Misleading claims that making non-organic foods – from beef to butter – is “regenerative” for soil are proliferating, as more companies make unverified statements about their products.
Unlike organic claims, which must meet federal standards and are subject to audits, assertions that foods regenerate soil aren’t tied to such standards and don’t require third-party verification. Some private and nonprofit regenerative standards and auditors have emerged, but farmers and food companies don’t have to seek third-party audits when making these claims.
There’s no legal or widely accepted definition of the term “regenerative,” which generally refers to farming practices that improve soil health. But that hasn’t stopped food giants like Nestlé, Walmart, General Mills and PepsiCo from highlighting their investments in regenerative farming in their public statements, regardless of the truth of those statements.
Some of these claims include:
- Walmart’s commitments to “decarbonize” will put the retail giant “on the path to becoming a regenerative company.”
- PepsiCo claims it works with “farmers to adopt regenerative practices that save water and improve soil health, among other benefits.”
- Target is “investing in solutions that protect, sustain and restore nature, including regenerative agriculture, agricultural residuals and responsible forest management to reduce climate impacts.”
- General Mills has launched a program to “advance regenerative agriculture on 1 million acres of farmland by 2030.”
- Nestlé is “introducing the concept of regenerative agriculture – an initiative with incredible potential for helping address climate change and supporting communities and natural resources.”
Even companies like Diageo – the maker of Guinness and many other brands of alcohol – are getting into the regenerative claim game.
Consumers might also see such statements when shopping in the grocery store, including regenerative production claims, in the labels and marketing materials of Force of Nature’s beef and chicken, Thousands Hills’ sausage, or GoodSam Food’s chocolate products. But these vague claims don’t give consumers information about what they mean or need to be independently substantiated.
Wide-ranging ‘regenerative’ definitions
Definitions of regenerative range from “a holistic, principles-based approach . . . that delivers positive environmental, social and economic outcomes” to “an approach to farming that works in harmony with the natural environment to put back more than it takes out” to a method that is “helping to build systems in which the animals’ grazing and movement across grasslands is managed with the goal to improve their health as well as that of the soil.”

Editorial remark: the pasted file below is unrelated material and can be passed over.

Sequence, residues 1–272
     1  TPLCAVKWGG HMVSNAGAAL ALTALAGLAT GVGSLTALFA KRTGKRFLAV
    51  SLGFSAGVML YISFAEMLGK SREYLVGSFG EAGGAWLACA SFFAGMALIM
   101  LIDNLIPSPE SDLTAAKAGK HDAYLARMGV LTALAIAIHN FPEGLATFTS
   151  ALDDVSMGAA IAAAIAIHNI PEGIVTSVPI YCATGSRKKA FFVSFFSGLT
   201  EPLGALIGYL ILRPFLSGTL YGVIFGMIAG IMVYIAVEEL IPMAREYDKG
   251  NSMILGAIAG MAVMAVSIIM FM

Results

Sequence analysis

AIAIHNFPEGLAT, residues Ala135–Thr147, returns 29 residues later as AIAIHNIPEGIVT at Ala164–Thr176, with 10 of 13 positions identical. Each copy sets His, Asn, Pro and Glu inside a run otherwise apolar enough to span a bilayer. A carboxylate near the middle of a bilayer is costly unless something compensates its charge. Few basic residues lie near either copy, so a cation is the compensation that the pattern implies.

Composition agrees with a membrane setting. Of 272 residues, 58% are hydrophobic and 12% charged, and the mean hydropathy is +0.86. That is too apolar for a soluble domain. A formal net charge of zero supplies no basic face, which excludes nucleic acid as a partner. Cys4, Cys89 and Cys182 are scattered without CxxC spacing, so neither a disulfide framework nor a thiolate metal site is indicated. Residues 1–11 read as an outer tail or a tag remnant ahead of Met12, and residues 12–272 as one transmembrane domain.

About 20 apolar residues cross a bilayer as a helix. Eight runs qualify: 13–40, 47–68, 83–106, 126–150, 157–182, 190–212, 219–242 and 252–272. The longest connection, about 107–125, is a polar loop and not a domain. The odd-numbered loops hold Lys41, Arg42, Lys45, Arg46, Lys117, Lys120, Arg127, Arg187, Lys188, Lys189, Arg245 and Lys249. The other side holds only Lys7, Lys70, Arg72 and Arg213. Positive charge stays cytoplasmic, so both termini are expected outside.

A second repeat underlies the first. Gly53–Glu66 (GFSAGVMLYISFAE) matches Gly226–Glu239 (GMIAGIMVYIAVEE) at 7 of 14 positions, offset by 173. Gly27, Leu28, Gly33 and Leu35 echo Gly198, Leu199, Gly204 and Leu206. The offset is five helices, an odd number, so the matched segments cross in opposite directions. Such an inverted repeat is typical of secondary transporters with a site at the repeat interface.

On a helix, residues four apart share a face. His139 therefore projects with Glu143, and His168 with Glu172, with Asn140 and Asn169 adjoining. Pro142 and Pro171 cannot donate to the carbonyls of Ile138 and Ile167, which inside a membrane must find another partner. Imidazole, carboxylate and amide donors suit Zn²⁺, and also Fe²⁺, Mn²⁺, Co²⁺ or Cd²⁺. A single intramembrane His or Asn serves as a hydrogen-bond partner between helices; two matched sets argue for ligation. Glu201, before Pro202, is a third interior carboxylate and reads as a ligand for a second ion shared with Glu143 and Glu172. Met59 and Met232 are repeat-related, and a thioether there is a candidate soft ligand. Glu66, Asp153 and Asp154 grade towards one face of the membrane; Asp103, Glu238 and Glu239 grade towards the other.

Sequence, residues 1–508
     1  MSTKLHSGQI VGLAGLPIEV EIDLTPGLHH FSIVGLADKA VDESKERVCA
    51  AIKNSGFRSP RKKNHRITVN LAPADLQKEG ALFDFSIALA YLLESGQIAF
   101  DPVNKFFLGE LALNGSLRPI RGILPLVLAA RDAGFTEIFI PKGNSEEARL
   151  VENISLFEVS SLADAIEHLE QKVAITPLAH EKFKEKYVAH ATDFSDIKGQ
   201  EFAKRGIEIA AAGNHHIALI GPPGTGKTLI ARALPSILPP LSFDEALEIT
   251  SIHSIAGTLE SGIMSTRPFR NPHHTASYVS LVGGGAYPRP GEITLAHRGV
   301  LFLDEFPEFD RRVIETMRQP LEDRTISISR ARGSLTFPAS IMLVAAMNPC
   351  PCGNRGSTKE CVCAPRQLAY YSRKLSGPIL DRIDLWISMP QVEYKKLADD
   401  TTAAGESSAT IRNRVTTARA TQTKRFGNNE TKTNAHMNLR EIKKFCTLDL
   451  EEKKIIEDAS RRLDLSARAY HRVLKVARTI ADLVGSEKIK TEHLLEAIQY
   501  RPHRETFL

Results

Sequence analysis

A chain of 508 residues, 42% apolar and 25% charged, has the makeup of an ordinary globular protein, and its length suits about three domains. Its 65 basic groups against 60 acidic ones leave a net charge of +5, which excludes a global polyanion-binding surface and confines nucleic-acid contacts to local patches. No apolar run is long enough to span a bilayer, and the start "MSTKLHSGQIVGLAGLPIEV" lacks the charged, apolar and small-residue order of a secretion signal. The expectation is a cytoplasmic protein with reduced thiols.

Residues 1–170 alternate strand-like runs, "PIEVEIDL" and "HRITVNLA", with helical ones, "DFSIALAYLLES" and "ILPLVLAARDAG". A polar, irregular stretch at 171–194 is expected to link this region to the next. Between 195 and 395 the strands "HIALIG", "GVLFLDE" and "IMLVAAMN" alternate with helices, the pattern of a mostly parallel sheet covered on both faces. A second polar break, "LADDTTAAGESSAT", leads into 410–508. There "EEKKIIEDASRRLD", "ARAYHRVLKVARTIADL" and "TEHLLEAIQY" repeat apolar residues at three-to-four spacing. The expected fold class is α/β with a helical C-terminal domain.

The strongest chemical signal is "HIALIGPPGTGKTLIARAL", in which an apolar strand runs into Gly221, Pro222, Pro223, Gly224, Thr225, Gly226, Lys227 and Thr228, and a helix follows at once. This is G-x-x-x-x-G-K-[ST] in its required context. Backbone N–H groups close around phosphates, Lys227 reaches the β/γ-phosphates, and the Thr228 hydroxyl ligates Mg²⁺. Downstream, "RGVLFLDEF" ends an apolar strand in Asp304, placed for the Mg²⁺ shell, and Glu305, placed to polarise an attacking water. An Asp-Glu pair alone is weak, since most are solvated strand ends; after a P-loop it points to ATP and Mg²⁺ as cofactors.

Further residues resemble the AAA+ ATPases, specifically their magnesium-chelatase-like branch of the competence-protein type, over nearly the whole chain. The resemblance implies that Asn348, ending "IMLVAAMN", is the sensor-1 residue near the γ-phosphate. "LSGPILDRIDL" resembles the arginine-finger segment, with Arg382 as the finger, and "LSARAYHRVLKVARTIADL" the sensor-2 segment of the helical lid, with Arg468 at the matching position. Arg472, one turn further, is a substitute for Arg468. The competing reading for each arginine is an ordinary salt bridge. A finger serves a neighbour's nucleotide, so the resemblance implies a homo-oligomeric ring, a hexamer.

In some cases, “regenerative” claims do not appear to be supported by the available science.
For example, some non-organic, or conventional, food makers say, “the great thing about regenerative agriculture is the simplicity of the approach. It’s not a complicated process.” But one study found that raising livestock with regenerative practices can require far more management and land.
Other conventional food companies claim regenerative agriculture will help reverse the climate crisis. One company that markets baking mixes bearing a “regeneratively grown ingredients” label says “experts are now citing regenerative agriculture as a major way of reversing climate change,” despite mixed evidence in support of this statement. Another company has said it’s “embracing regenerative agriculture” in order to “go carbon positive.”
In fact, there’s no scientific consensus about the climate benefits of different soil practices, and one study found that at best the climate benefits of such practices vary from place to place. Regenerative practices may be good for soil health, but practices like cover crops and better tillage, to take just two examples, have limited benefits for the climate, experts say.
Consumers are also confused by these claims, studies show. Although less than 20 percent of consumers are familiar with “regenerative agriculture,” studies indicate many mistakenly believe these practices are better for the soil than organic farming, and one-third of consumers believe regenerative products are more nutritious. Even with this confusion, most say they are not more likely to buy products labeled as regenerative.
Three federal agencies have jurisdiction over these “regenerative” claims – the Food and Drug Administration, the Federal Trade Commission and the Department of Agriculture.
Both FDA and FTC rules prohibit companies from making claims that are misleading, and the FTC’s Green Guides require that such claims have a reasonable basis grounded in scientific evidence, like peer-reviewed studies. Unlike the FDA and FTC, the USDA requires companies to submit documentation in support of “regenerative” claims.
Given the wide-ranging definitions in use, and consumers’ confusion, the USDA, FDA and FTC should all take steps to stop any misleading “regenerative” claims on conventional food.